So how does a Master Persuader respond to a fake war crime?

He does it with a fake response, if he’s smart. 

Watch now as the world tries to guess where Trump is moving military assets, and what he might do to respond. The longer he drags things out, the less power the story will have on the public. We’ll be wondering for weeks when those bombs will start hitting Damascus, and Trump will continue to remind us that he doesn’t talk about military options.

Then he waits for something bad to happen to Assad’s family, or his generals, in the normal course of chaos over there. When that happens on its own, the media will wonder if it was Trump sending a strong message to Assad in a measured way. Confirmation bias will do the rest.

There is also a non-zero chance that Putin just asked Assad to frame one of his less-effective Syrian generals for going rogue with chemical weapons, and executing him just to calm things down.

I don’t think we’ll ever know what’s going on over there. But I think we can rule out the idea that Assad decided to commit suicide-by-Trump.

You might enjoy reading my book because of all the reasons.

I’m also on…

Twitter (includes Periscope): @scottadamssays​

YouTube: At this link.

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How a Hypnotist Sees a Verbal Slip

A few days ago, Mike Cernovich broke the news that ex-Obama advisor Susan Rice had asked for the identities of Americans caught up in electronic surveillance of foreigners, including some Trump associates. After Mike broke the story, the big news organizations followed. I asked my well-informed Trump-hating friend what he thought of the story.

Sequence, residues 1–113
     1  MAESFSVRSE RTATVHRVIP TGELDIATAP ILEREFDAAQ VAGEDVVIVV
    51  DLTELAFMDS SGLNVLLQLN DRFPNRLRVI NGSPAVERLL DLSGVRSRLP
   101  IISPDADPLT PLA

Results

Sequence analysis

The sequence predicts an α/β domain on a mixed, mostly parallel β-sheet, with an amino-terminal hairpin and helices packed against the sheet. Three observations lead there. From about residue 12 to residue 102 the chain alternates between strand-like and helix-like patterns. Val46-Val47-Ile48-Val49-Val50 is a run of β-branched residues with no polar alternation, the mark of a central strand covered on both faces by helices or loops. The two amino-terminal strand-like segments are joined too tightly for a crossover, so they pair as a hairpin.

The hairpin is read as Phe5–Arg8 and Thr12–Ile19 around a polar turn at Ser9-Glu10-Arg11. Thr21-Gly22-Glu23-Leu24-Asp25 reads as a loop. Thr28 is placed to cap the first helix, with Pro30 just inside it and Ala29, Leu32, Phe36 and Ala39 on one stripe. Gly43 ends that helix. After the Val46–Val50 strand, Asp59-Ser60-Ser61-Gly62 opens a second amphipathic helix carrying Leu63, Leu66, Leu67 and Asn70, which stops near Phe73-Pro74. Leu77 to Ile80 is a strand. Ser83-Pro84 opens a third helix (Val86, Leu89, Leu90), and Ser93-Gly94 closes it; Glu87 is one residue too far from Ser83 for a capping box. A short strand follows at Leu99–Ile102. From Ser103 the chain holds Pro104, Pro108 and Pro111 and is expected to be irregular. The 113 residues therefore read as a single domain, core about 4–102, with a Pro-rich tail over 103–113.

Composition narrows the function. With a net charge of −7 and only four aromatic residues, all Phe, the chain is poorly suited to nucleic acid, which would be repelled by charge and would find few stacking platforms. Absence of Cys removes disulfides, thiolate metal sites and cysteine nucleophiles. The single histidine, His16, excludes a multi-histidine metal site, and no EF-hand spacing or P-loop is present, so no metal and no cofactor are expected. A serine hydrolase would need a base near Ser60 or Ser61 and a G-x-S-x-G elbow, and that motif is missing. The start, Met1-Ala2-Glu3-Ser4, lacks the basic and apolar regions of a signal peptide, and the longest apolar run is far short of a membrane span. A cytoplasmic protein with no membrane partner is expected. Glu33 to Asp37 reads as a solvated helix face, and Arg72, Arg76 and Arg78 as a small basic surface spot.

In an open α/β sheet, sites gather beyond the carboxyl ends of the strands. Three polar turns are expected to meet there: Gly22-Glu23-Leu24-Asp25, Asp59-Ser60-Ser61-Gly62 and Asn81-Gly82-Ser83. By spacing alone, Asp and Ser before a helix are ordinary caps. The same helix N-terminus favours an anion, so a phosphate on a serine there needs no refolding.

He said he hadn’t heard of it.

I was surprised. It was the headline news. While we were on the phone, he checked CNN’s website on his computer and informed me that no such story existed. In his words, it was probably “fake news” that he assumed I saw “on Breitbart” or some other site he considers below his standard of news excellence.

So I asked him to navigate over to Business Insider (partly owned by Jeff Bezos) to see if the story was there. And sure enough, it was. Prominently. My friend read the story and agreed it should have been covered on CNN as well. 

That’s when I had the entertaining experience of explaining to my friend that his news habit of relying on CNN and the New York Times made him more of a victim of manipulation than a consumer of news. I explained that unless he is sampling stories from both sides (left and right), he is being completely misled by one of the sides. Both sides get the facts right, usually, and eventually. The manipulation comes in the form of what they emphasize and what they deemphasize. CNN apparently decided that the Susan Rice story was not important news. Coincidentally, this particular news also made them look like ridiculous turds for mocking the Trump “wiretapping” claim non-stop as a sign of the president’s character and perhaps his sanity.

We don’t know all the facts yet, but we do know that Trump’s claim of being “wiretapped” by Obama is starting to look dangerously close to something similar to the truth. CNN did not see that coming, and it would be awkward to walk-back all of their mocking. So they just sort of ignored it.